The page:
What is guanethidine?
Guanethidine is a drug that blocks the ends of the sympathetic nerves. These nerves are thought to be responsible for some of the pain that you are feeling. When injected, the drug temporarily blocks the nerves. This means that the nerves are unable to send pain messages to your brain.
Guanethidine must be injected into a vein, on the painful limb. To make best use of guanethidine’s effect, it is kept inside the painful limb by inflating a pressure cuff, called a tourniquet, around that limb. If you have a painful lower leg, the cuff will be around your thigh. Likewise, if your hand or forearm is painful, then the cuff will be around your upper arm. This keeps the drug where it needs to act and prevents it spreading to the rest of the body. The cuff will stay up for about 20 – 30 minutes.
Guanethidine is very short acting. It is rapidly broken down and made inactive by the body over a period of hours.
The drug blocks all sympathetic nerves in the body to some degree. When the cuff is released and the drug goes into your circulation, your blood pressure may fall a little and your heart rate may increase. These are short lasting effects and you will return to normal within 30 minutes. To avoid dizziness at this time, you should remain lying flat.
What has gone wrong?
The sympathetic nerves in an area of your body have started sending pain messages. It is not at all clear why this happens. It is known that by blocking the activity of the sympathetic nerves the pain can be reduced.
The aim of the procedure is to reduce the signals sent by the sympathetic nerves and therefore reduce your pain.
Your pain should be reduced and you should be able to move around more easily. If successful, this treatment can avoid the need for surgery.
Are there any alternatives?
By the time you consider a guanethidine block you should have already tried other more simple treatments. These include rest, painkilling and anti-inflammatory tablets, and physiotherapy with exercise.
You may have also tried a transcutaneous electrical nerve stimulation (TENS) machine for the pain. This works by sending soothing pulses across the surface of the skin and along the nerve fibres. The pulses prevent pain signals reaching the brain. They also stimulate your body to produce higher levels of its own natural painkillers, called endorphins.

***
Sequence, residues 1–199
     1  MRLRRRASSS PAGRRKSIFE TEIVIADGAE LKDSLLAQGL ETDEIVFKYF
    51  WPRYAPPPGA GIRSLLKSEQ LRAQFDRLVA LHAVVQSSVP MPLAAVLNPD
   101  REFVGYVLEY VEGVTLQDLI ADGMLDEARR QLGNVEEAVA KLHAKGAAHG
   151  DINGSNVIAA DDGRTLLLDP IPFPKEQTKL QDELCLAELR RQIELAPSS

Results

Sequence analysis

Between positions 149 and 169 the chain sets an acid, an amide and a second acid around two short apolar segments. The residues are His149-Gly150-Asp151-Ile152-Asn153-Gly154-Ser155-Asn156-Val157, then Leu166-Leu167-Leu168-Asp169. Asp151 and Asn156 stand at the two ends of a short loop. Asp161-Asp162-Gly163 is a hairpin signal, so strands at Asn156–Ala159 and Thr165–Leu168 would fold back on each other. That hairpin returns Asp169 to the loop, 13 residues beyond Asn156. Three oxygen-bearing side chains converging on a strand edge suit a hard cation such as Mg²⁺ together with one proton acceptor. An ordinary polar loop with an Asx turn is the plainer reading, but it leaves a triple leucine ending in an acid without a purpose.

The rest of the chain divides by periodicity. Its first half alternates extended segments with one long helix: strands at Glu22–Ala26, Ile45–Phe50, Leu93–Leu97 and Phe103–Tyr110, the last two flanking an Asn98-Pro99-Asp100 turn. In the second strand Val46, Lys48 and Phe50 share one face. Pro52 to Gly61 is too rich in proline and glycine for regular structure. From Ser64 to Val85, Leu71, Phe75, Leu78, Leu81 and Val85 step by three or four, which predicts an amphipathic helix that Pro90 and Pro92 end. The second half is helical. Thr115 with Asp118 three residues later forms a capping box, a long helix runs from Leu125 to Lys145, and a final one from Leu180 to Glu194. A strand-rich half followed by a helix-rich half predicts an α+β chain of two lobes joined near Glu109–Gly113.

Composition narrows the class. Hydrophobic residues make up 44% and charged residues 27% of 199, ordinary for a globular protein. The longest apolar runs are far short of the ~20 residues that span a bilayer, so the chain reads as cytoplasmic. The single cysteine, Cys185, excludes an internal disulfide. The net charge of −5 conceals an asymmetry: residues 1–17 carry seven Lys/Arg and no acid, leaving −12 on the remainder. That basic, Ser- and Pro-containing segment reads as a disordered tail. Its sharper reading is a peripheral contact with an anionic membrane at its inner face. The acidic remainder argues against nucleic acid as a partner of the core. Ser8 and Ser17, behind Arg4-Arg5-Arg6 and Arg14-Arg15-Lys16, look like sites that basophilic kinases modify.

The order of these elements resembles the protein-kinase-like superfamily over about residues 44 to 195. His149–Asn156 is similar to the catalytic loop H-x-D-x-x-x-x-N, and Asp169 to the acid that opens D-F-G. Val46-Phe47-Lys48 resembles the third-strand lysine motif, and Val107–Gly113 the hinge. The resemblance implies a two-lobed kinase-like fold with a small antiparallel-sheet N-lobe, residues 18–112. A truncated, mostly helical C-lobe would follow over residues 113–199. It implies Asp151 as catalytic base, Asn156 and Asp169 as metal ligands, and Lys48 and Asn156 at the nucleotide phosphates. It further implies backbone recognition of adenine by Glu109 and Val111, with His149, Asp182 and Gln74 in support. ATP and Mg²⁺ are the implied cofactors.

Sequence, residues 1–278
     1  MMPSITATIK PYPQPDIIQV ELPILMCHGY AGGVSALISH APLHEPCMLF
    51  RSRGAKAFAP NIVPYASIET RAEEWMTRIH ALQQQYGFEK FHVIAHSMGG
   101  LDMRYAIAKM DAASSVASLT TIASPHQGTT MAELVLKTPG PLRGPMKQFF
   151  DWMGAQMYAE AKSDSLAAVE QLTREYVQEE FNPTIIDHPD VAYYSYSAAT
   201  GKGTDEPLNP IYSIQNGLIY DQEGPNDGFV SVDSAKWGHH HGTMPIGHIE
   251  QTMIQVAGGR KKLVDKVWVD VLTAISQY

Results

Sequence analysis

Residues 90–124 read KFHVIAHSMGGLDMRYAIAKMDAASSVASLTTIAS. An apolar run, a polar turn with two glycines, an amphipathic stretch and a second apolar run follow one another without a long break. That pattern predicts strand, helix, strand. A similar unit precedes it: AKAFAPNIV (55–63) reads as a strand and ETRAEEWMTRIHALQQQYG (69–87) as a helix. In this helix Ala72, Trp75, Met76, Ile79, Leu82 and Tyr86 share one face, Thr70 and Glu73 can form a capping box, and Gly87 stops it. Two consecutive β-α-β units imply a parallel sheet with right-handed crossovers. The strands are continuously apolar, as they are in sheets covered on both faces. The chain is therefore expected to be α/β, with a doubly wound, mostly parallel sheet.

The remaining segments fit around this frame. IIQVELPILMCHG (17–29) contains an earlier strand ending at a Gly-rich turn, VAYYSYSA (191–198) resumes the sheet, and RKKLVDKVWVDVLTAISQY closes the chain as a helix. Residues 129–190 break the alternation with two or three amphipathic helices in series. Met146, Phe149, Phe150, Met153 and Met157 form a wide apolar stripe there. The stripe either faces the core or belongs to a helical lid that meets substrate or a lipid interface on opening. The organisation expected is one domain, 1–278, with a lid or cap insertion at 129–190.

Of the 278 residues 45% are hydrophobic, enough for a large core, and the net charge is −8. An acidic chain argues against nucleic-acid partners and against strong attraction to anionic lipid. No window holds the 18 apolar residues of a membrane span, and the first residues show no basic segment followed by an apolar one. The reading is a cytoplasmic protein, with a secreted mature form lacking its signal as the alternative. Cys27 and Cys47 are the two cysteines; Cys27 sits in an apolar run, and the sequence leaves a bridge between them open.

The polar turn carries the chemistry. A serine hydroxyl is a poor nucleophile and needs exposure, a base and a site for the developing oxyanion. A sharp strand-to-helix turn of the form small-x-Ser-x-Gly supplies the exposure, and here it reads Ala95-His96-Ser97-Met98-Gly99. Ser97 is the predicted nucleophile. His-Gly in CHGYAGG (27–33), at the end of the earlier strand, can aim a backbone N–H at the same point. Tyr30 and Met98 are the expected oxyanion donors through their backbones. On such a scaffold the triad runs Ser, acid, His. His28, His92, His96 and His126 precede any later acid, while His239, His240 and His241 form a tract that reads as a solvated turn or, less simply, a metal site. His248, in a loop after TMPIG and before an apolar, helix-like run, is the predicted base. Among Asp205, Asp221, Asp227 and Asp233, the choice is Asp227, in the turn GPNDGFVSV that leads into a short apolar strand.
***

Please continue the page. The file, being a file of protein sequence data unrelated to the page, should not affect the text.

What if you do nothing?
If you do nothing there are several things that may happen:
With time and rest your pain may settle on its own
Your pain and difficulty in performing daily activities may remain the same
Your pain may increase and spread
Your posture may get worse, making activities more difficult. The pain may even affect your sleep
Who should have it done?
The following groups of patients should have the procedure done:
Patients with pain in the area covered by a recognised group of sympathetic nerves, where the pain has failed to respond to standard treatments
Patients with limb pain in an arm or leg, with symptoms suggesting that the sympathetic nerves are involved.
Who should not have it done?
Each patient has the final decision on whether to proceed or not. If you are unhappy about the procedure for any reason you should not continue.
There are specific medical situations when an intravenous guanethidine block should not be done and they are as follows:
Patients who have severe heart disease, such as a previous heart attack
Patients who have an irregular heartbeat
Patients who have an implanted pacemaker
Patients who have low blood pressure, for any reason
Patients who have an allergy to guanethidine
These situations do not definitely prevent the procedure from taking place. You and your doctor should consider them seriously and carefully before agreeing to go ahead with the procedure.
Author: Dr Sean White FRCA. Consultant in pain and anaesthesia.
© Dumas Ltd 2006